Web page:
The Biden administration said Wednesday it will forgive about $37 million in student loans for borrowers who attended the University of Phoenix, once a for-profit behemoth that in the last decade lost a massive chunk of its enrollment amid lawsuits and scandal.
More than 1,200 students who attended the University of Phoenix between late September 2012 and December 2014 will have their loans wiped out, Federal Trade Commission and U.S. Department of Education officials jointly announced.
University of Phoenix representatives falsely advertised they maintained relationships with prominent companies, including those in the Fortune 500, and implied students could use those ties to lock down jobs, the Education Department and FTC alleged.
The university settled identical FTC allegations in 2019 to the tune of $191 million.
The loan discharge fits with the White House’s stated mission of holding accountable institutions it deems poorly performing and deceptive — namely for-profits. A senior Education Department official said Wednesday it will seek to recoup the costs of the cancellation from University of Phoenix's owners.
But the move also casts a shadow on the University of Idaho’s $550 million deal to acquire University of Phoenix and convert it into a nonprofit institution, an arrangement already under fire by faculty and, recently, federal lawmakers.
“These allegations do not reflect University of Phoenix we know today,” University of Idaho spokesperson Jodi Walker said in an email. “We value the student focus and vision University of Phoenix has today and stand by our commitment to affiliate."
Meanwhile, University of Phoenix intends to fight loan discharges it considers invalid, spokesperson Andrea Smiley said in an emailed statement.
The university will “vigorously challenge each frivolous allegation and suspicious claim through every available legal avenue,” Smiley said.
U of Phoenix’s checkered history
The University of Phoenix peaked in 2010, when it enrolled almost half a million students — buoyed by an advertising campaign that Richard Cordray, chief operating officer for the Office of Federal Student Aid, called brazenly deceptive Wednesday.
However, mired in lawsuits and government investigations, the University of Phoenix bled enrollment, which has fallen to about 85,000 students.
The University of Phoenix never admitted wrongdoing in its FTC settlement, which Smiley reiterated Wednesday.
But federal officials said Wednesday the evidence the FTC gathered against the for-profit was enough to discharge loans under a federal program called borrower defense to repayment, which clears the debts of students whose colleges misled them.
The FTC and Education Department alleged the for-profit had told students that corporations were clamoring to hire University of Phoenix graduates — a lie, the agencies said.
In another example, University of Phoenix allegedly posted names and insignias of companies on an internal career database portal, giving students the impression it was presenting unique job opportunities even though they were available to the general public.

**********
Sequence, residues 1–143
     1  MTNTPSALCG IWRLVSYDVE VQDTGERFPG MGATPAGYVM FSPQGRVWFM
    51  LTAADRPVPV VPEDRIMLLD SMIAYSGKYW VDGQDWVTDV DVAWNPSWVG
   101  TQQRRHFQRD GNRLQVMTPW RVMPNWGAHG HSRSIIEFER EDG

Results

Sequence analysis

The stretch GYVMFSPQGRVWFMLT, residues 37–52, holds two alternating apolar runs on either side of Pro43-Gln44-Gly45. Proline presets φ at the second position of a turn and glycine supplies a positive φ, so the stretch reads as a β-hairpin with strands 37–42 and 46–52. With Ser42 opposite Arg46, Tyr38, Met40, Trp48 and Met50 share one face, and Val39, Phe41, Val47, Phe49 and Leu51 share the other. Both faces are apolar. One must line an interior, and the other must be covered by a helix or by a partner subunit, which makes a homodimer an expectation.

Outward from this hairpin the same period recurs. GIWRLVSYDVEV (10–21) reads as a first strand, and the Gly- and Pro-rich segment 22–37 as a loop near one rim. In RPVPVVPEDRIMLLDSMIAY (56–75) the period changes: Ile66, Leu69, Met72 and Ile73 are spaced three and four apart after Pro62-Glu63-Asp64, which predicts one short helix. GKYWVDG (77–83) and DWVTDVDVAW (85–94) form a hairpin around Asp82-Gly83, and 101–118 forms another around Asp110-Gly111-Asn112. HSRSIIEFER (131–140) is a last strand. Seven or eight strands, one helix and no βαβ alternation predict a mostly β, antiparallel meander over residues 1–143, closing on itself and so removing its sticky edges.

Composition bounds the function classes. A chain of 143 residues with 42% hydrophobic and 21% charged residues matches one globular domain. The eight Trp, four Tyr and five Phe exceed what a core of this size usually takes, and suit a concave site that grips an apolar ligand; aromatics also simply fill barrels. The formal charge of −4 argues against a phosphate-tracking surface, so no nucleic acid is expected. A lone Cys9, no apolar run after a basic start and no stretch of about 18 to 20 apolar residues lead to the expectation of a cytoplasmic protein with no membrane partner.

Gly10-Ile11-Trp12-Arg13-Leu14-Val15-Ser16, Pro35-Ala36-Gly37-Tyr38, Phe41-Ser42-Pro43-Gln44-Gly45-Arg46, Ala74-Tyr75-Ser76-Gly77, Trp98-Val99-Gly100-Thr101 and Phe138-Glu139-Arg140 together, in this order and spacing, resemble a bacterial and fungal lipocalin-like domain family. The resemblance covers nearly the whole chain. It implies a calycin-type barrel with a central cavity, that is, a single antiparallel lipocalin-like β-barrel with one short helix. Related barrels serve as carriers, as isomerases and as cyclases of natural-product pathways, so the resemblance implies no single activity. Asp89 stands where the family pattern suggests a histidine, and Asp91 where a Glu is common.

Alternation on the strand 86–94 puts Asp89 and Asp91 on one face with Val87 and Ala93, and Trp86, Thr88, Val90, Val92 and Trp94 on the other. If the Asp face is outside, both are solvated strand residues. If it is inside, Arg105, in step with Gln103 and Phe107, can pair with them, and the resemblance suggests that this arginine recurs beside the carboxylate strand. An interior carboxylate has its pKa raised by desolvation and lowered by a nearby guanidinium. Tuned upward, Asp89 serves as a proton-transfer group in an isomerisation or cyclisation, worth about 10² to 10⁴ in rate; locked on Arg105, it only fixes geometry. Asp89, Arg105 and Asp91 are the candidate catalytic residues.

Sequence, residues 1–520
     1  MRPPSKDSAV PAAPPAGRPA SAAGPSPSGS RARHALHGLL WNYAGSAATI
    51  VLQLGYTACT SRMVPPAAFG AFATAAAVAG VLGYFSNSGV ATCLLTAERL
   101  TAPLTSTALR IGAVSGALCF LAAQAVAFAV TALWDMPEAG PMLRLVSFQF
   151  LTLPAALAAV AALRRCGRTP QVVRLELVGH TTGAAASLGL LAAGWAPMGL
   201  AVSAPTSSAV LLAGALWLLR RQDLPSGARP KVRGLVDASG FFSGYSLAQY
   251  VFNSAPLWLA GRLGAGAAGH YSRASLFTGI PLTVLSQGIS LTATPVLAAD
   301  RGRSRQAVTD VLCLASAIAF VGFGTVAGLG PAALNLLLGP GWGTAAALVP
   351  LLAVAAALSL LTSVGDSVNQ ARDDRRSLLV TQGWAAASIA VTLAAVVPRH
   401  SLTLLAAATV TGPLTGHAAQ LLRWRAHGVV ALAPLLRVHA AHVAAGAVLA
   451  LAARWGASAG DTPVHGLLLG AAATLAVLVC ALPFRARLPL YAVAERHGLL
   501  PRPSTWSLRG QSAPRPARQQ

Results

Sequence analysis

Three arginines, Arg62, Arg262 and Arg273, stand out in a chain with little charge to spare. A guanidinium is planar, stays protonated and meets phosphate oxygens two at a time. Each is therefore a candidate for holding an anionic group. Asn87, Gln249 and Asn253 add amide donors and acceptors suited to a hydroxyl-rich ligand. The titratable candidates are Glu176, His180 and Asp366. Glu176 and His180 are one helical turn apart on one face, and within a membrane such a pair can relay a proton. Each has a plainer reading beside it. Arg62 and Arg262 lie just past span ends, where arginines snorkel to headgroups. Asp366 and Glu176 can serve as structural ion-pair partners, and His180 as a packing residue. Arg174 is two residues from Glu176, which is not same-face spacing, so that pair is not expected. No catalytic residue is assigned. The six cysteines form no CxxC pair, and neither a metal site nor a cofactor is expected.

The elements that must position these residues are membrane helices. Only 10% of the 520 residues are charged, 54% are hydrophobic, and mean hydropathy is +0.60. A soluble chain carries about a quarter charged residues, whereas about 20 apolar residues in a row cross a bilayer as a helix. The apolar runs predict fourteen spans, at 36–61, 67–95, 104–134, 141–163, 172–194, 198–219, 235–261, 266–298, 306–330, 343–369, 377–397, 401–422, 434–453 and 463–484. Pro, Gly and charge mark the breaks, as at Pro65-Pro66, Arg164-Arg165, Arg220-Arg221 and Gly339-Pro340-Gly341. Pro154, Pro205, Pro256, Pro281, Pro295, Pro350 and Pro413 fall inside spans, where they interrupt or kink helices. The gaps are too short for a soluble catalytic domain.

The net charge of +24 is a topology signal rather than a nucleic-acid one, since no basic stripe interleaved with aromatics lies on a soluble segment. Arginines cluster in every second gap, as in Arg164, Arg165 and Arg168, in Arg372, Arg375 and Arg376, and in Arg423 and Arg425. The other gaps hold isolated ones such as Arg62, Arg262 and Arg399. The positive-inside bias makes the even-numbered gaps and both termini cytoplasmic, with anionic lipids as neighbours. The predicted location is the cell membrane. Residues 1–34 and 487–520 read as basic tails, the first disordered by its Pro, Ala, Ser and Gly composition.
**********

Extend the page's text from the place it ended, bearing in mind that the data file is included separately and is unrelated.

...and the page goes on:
“Students who trusted the school and wanted to better their lives through education ended up with mounds of debt and useless degrees,” Cordray said.
Recouping the costs
A senior Education Department official Wednesday said it will attempt to recover the discharge costs from the University of Phoenix’s current owners, Apollo Global Management and the Vistria Group, private investment firms.
Doing so is not simple. The Education Department ran into legal trouble last year when it tried to recoup more than $23 million from DeVry University, another for-profit college that the agency said had defrauded students.
The Education Department in February 2022 wiped away loans for about 650 DeVry students, also under borrower defense. But after it threatened to go after DeVry that August, the for-profit sued in October.
DeVry officials alleged the Education Department didn’t allow it due process rights and had flouted regulatory requirements.
In July, DeVry once again asked a federal court to block the recoupment, saying otherwise “it will suffer irreparable injury.”
What’s up with Idaho?
The senior department official it’s not focusing on the University of Idaho for recoupment, especially since its deal to acquire the University of Phoenix hasn’t closed yet. That’s expected early next year.
However, the cancellation could fuel critics’ arguments that the public university erred in acquiring a for-profit institution with a history of poor student outcomes.
In May, Idaho’s education board approved the university to create a nonprofit entity, which will buy the University of Phoenix. The University of Idaho plans to sell $685 million worth of bonds to pay for the project.
Most of the money, $550 million, would apply to the purchase price of University of Phoenix. The nonprofit is projected to give the University of Idaho $10 million annually.
The arrangement recently caught the attention of three U.S. Democratic senators, including Elizabeth Warren of Massachusetts, who warned University of Idaho against moving forward with it.
“Given Phoenix’s long record of poor student outcomes, deception of veterans, and entanglements in federal investigations and enforcement actions, we urge you to reconsider the implications of acquiring Phoenix, which could cause great harm to students and taxpayers not only in Idaho but also across the country,” the senators wrote in a letter this month.
In response, the Idaho university’s president emphasized the nonprofit would act as a legal firewall of sorts between the public college and University of Phoenix.
Before the University of Idaho struck the deal, the University of Arkansas System had this year mulled scooping up the for-profit college.
However, the Arkansas board in April narrowly voted not to support a sale, citing concerns about the University of Phoenix’s past.